2. Attend a baseline 7.5% CO2 inhalation experimental test session:  You will be required to attend a baseline test session of approximately 3 hours. You will remain seated in a comfortable position throughout the testing session. During the testing session, measurements of your blood pressure and heart rate will be periodically taken using six peripheral (i.e. non-invasive) skin-sensors. You will complete some questionnaires to measure how you are feeling. Before you agree to participate you will have the opportunity view example emotional pictures. After each inhalation period you will be asked about any thoughts that occurred during the inhalation, and will be asked to complete a 15 minute thought sampling task in which you will be asked to focus your attention on your breathing and a current worry/concern. Finally you will be asked to complete a short 5 minute computerized facial expression classification task. Please remember that you are free to withdraw from the study at any time.

3. Take duloxetine daily for 4 weeks: Following completion of the baseline test session you will then receive a 4 week course of duloxetine (at a dose licenced for treating GAD and depression). The dose will start at 30 mg for 3 days and will increase to 60mg per day if no side effects are reported.

4. Attend a repeat 7.5% CO2 inhalation experimental test session: This is an exact repeat of the original baseline test session described above.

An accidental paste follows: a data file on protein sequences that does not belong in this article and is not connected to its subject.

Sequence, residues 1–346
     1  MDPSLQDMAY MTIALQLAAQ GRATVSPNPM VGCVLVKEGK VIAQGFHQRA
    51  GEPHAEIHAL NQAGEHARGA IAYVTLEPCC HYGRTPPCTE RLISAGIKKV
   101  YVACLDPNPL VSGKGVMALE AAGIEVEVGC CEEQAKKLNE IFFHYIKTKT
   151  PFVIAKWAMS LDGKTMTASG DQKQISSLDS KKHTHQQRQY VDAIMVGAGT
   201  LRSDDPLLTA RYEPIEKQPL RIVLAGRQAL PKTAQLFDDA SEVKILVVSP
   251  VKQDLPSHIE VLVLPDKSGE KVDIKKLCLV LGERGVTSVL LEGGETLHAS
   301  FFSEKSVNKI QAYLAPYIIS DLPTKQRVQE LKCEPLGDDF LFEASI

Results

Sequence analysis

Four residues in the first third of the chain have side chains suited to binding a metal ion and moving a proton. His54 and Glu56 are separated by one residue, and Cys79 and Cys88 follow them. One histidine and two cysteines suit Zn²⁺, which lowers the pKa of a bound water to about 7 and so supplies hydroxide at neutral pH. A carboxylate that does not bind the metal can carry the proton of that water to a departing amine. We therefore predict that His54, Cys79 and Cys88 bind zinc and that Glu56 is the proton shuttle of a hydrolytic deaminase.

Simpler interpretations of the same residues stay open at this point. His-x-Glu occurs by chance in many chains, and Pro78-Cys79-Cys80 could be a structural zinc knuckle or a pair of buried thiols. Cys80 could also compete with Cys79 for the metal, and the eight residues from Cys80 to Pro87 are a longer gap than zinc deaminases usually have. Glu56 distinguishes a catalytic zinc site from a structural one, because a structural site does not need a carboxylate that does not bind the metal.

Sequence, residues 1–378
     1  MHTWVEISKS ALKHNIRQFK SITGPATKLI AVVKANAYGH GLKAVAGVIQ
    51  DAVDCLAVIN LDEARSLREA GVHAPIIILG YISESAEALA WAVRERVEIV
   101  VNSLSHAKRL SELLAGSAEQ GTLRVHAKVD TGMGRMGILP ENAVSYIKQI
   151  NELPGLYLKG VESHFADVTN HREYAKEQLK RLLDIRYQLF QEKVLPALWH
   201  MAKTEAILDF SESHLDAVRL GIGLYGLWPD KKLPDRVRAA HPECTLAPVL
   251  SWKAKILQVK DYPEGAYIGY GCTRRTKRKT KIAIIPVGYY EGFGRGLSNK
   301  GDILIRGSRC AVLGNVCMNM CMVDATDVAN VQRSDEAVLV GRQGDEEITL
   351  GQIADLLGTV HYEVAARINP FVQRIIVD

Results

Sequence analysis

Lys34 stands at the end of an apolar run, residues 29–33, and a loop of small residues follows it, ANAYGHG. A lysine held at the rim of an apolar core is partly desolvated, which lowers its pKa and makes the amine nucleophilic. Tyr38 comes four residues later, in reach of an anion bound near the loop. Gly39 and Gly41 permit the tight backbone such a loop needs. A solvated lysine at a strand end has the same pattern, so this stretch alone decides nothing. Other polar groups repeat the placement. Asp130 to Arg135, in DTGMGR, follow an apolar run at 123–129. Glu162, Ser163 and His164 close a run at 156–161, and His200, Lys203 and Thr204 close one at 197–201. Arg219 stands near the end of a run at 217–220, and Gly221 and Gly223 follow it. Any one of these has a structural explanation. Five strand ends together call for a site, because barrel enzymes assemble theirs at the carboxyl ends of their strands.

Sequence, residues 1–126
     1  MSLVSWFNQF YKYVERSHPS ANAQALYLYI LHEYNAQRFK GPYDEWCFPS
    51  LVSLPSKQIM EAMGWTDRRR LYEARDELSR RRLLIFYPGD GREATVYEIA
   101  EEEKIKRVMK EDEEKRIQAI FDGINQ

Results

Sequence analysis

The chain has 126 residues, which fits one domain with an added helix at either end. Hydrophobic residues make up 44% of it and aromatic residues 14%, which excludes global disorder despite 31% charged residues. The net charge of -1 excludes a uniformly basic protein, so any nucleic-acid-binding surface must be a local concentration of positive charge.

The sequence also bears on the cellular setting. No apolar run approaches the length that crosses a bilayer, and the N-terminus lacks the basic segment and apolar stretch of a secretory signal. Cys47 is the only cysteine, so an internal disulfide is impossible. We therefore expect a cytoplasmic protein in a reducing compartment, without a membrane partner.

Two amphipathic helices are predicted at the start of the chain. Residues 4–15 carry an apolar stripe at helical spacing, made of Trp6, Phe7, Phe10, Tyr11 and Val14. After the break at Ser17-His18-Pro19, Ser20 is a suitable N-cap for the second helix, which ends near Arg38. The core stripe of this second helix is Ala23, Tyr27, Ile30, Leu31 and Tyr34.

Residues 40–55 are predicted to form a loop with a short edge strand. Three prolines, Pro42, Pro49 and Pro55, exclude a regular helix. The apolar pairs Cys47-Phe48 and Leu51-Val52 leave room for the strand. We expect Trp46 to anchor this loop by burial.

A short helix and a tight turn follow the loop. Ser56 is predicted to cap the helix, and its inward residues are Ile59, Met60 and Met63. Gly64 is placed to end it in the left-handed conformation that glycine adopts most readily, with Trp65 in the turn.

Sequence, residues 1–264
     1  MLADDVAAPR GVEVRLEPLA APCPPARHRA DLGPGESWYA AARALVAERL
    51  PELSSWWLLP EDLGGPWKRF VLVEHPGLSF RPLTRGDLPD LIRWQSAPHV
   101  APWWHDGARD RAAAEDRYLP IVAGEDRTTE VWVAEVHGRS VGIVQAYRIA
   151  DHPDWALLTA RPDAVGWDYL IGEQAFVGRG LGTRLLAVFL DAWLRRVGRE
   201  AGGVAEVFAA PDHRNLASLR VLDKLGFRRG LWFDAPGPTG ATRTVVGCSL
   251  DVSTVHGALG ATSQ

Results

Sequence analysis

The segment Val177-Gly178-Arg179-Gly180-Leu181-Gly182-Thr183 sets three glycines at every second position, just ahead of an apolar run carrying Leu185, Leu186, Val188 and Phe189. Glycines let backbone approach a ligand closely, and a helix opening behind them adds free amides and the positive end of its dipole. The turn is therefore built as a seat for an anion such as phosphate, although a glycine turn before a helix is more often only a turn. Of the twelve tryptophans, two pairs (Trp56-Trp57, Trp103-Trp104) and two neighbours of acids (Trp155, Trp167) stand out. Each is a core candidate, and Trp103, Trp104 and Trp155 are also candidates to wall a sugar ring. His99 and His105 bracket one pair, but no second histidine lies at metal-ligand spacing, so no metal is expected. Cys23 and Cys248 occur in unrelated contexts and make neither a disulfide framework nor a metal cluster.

Will there be any risk to me as a participant?

Side effects of gas inhalations: Carbon dioxide inhalation may cause feelings of anxiety or unpleasantness. Other effects that may occur include racing of heart, dizziness, pins and needles, and breathlessness. Some people also experience a mild headache afterwards.

People experience and describe the effects of inhaling 7.5% CO2 gas in different ways, and there is no way of knowing in advance how you will respond. Some people do not notice it at all, and some experience more marked anxiety. Most people will notice some effects, and if you do not like these effects you can ask to stop. These feelings should be short-lived (typically resolving within a couple of minutes) and would not cause any lasting harm.

Any effects of the gas inhalation are temporary and typically resolve within a minute after inhalation. At the end of the study session you will remain in the testing room until you feel that any effects of the gas have worn off. We will contact you the day after the study day to check that you are healthy and well.

Side effects of duloxetine treatment: Duloxetine is a serotonin-noradrenaline reuptake inhibitor that is licensed in the UK for treating depression and GAD. Duloxetine has been associated with a range of different side effects; the most commonly reported side effects are nausea, dizziness and fatigue although there are occasional reports of dry mouth, constipation and insomnia or drowsiness. These side-effects are usually well tolerated by most individuals and if occur tend to last for only a few days. The research team will speak with you over the phone twice a week to briefly discuss this and any queries you may have.

How do I get more information?

If you are interested in taking part in this study, please complete the contact form and you will be contacted by someone from our research team. If you are not sure whether you are eligible for the study, but still want to take part, have a look at our ‘diagnostic criteria’ page. If you are still not sure, let us know through the contact form